Event Promotes Awareness of CA 3-Foot Passing Bill In Effect Next Week

From this morning's #IGive3Ft press event. The 3-foot long pink bar demonstrates the three feet passing distance, though, legally, drivers shouldn't pass to the left of a bicycle. All photos by Joe Linton
A display from this morning’s #IGive3Ft press event. The 3-foot long pink bar indicates the new three-foot legal minimum passing distance space between cars and bicycles. Legally, though, cars should generally never pass to the right of a moving bicycle as this display seems to indicate. All photos by Joe Linton

This morning, California legislators, law enforcement representatives, cycling advocates, and the Automobile Association of America (AAA) gathered to promote awareness of the state’s new 3-foot passing law. Long in the works, the Three Feet for Safety Act, A.B. 1371, goes into effect next Tuesday, September 16.

As the campaign has shifted from passing the law to enforcing it, the promotional hashtag that used to be from a cyclist’s perspective, #GiveMe3, has now appropriately given way to one from a driver’s perspective, #IGive3Ft.

Here is the summary of the new law, from its legislative preamble:

The bill would prohibit, with specified exceptions, the driver of the motor vehicle that is overtaking or passing a bicycle proceeding in the same direction on a highway from passing at a distance of less than 3 feet between any part of the motor vehicle and any part of the bicycle or its operator. The bill would make a violation of these provisions an infraction punishable by a $35 fine. The bill would also require the imposition of a $220 fine on a driver if a collision occurs between a motor vehicle and a bicyclist causing bodily harm to the bicyclist, and the driver is found to be in violation of the above provisions.

The well-attended press event took place in front of Serious Cycling bike shop in Northridge. Most speakers, including the law’s authors, Assemblymembers Steven Bradford and Matt Dababneh, emphasized that the new rule will make streets safer for everyone. 

Assemblymember Bradford explains California's new 3-foot passing law.
Assemblymember Bradford explains California’s new 3-foot passing law at this morning’s press event in Northridge.

AAA’s spokesperson Marianne Kim concluded her remarks urging cyclists to not break laws and to always wear helmets, which she analogized to seat belts. AAA, which fought against earlier versions of the law, is now distributing fliers to raise awareness about it. The background of the AAA’s “3Ft for Safety Act” flier features a car tire skid mark skidding into (or out of) a pool of spattered blood directly over the California Bicycle Coalition logo.

The Automobile Association of America is distr
The lower portion of the Automobile Association of America’s Three Feet for Safety Act promotional flier.

Also, enjoy this short 3-foot passing law video, below, created by Los Angeles cyclist Nathan Lucero. View more of Lucero’s work here.

  • Andy B from Jersey

    That little pink stick perfectly demonstrates how inadequate 3-feet is when passing a cyclist. That the fine is a 1950’s era $35 is even more pathetic. The fine for hitting a bicyclist at $220 and likely sending them to the hospital or their grave is just as insulting.

    I know this is all you could manage out in Cali but man. At least us here in NJ have Pennsyltukey to look to as a model with their 4-foot passing law that clarifies just about every aspect of how to pass a cyclist safely including the need to slow down to or below the speed limit.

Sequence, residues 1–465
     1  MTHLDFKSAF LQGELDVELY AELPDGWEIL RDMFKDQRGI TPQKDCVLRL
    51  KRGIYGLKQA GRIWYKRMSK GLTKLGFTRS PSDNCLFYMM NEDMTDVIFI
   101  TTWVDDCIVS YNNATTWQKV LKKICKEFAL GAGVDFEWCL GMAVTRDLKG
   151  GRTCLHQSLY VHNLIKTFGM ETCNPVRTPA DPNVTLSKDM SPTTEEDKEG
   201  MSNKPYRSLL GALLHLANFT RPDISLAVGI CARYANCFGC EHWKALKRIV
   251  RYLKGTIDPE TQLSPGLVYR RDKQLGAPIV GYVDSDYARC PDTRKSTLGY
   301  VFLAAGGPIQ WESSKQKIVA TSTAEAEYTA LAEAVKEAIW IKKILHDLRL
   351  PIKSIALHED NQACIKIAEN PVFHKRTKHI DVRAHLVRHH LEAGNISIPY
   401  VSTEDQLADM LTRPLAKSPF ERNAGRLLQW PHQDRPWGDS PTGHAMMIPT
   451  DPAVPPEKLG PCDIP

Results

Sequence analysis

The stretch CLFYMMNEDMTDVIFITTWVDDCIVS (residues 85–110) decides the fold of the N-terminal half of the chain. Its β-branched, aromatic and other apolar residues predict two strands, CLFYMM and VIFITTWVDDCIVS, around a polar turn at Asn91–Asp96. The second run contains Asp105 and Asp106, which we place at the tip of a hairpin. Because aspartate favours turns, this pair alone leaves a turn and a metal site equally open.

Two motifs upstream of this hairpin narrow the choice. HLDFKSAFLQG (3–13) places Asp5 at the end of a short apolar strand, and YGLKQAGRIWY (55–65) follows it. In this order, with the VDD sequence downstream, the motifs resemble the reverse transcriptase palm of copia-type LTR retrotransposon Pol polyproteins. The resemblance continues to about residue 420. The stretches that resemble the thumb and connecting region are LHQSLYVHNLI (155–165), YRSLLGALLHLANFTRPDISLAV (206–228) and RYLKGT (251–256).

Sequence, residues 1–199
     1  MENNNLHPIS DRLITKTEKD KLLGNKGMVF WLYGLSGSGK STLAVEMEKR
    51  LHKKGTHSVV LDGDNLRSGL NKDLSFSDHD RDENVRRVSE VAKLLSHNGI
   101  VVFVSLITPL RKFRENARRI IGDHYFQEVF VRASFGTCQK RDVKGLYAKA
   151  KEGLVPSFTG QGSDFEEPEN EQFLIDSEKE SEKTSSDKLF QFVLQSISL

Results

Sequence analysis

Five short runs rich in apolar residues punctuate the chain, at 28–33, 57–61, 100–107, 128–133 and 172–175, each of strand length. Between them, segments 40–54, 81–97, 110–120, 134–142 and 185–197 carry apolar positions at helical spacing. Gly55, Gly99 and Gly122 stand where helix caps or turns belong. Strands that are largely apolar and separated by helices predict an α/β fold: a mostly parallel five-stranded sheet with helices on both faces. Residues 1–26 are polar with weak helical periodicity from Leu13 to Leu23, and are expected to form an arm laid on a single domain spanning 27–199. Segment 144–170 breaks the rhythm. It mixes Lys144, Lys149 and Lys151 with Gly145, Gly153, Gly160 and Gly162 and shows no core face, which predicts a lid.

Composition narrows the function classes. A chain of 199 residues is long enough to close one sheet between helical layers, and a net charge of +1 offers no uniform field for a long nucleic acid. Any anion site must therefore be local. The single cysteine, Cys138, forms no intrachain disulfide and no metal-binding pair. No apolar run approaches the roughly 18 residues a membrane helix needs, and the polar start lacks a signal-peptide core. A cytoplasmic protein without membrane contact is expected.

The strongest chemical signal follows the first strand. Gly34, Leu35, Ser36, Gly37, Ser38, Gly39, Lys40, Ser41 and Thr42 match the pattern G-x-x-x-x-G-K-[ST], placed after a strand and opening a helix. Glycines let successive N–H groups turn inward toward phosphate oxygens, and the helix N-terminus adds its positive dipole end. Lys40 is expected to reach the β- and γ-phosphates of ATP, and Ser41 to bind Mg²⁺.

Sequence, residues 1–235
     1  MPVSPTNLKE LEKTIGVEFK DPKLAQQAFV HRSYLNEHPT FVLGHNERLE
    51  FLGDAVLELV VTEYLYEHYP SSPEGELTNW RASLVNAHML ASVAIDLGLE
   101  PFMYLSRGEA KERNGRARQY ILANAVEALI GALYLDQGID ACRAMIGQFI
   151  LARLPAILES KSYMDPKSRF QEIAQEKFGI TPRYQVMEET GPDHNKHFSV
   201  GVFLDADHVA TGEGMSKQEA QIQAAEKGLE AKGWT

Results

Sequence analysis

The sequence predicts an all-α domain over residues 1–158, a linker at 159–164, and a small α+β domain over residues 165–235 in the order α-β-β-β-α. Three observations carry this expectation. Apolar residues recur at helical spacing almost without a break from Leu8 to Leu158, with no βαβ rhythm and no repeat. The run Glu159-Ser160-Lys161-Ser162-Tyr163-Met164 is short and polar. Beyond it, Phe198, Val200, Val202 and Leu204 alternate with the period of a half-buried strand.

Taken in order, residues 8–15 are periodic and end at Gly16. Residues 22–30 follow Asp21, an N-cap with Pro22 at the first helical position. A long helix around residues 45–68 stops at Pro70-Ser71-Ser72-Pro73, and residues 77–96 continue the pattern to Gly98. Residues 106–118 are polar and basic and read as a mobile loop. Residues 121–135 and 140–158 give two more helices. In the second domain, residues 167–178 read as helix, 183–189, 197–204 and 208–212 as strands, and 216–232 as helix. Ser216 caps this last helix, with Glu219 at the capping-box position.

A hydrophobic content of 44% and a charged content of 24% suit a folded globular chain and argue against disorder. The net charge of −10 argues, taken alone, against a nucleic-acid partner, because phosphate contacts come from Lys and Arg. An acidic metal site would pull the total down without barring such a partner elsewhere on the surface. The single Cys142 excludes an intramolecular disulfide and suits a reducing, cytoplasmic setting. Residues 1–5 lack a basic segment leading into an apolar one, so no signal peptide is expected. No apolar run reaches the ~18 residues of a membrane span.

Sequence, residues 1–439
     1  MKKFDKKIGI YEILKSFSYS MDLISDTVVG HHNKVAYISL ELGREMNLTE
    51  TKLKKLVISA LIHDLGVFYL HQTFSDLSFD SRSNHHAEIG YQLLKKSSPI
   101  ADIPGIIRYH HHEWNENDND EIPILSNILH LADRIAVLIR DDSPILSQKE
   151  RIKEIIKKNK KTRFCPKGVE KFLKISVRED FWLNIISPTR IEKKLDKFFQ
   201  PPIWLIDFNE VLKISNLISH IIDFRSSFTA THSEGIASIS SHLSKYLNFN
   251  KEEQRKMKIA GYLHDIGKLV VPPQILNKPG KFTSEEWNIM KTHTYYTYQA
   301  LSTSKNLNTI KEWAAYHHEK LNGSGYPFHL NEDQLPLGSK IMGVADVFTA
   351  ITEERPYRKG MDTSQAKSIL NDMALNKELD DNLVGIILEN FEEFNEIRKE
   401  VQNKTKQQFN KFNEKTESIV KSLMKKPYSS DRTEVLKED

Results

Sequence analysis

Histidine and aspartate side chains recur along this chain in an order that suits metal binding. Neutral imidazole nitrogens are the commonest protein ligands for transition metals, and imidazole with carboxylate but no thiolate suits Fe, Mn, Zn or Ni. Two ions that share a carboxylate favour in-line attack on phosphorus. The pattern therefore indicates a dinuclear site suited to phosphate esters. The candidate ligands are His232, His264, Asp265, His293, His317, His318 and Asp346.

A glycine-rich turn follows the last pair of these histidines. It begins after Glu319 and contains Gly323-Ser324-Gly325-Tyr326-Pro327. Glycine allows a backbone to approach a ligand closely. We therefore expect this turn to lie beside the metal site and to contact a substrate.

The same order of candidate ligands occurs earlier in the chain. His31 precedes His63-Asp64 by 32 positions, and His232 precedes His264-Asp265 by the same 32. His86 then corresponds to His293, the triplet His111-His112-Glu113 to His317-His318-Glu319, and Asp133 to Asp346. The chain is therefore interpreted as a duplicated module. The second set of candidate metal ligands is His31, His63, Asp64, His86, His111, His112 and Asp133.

• Andy, you’ll be happy to know that I’ve communicated with an NJ Legislator who is interested in a four-foot passing law for NJ. I don’t want to say who because it’s not public yet…but I think you’ll be seeing a bill dropped early next session.

  • Poggles

    Andy, to make matters worse, they measure it from the door instead of the wing mirror! Even those who think they are doing well, still manage to get it wrong!

  • calwatch

    It’s a $35 base fine which comes out to about $250 when all taxes, fees, and surcharges are included. Add traffic school to avoid the point and it’s another $70. So not cheap at all.

  • Andy B from Jersey

    UGGHH! So a truck towing a 5th wheel and has massive mirrors could whack you in the back of the head and get away with it. UGGHH!!

  • Andy B from Jersey

    So you still have your hand in Jersey politics. Cool! Yes I’m aware of the movements to pass a 4-foot law in NJ. I think the proposed bill needs to go a little further like clarifying the legality of passing a bicyclists on a double yellow which the PA law does. There is no provision in NJ Title 39 for passing cyclists or even slow moving farm or construction equipment in no passing zones, contrary to common belief.

  • 2wheeler

    They also measure from the car to the bike frame not the edge of the handlebars, which are at least a foot closer.

  • jovertone

    I haven’t read the legislation, so forgive my ignorance. I am wondering if bicyclists will ever be considered vehicles under this law? Do bicyclists have to give other bicyclists 3 feet when passing (or when passing a vehicle)? What happens if a bicyclist swerves left and into the vehicles 3-foot buffer?

  • mcas

    This law only applies to motor vehicles. It’s a big distinction in CA Vehicle Code. If it says ‘motor vehicle’ it never applies to bikes. If it says ‘vehicle’ — it does.

  • SD1990

    A prime example when something that should make you feel good actually makes you really mad. This rule is about safe passing and sharing the road but doesn’t promote any of that. Now bring in the “double-yellow” lines, swerving bicyclist, empowered head heavy cyclist and you have a recipe for disaster


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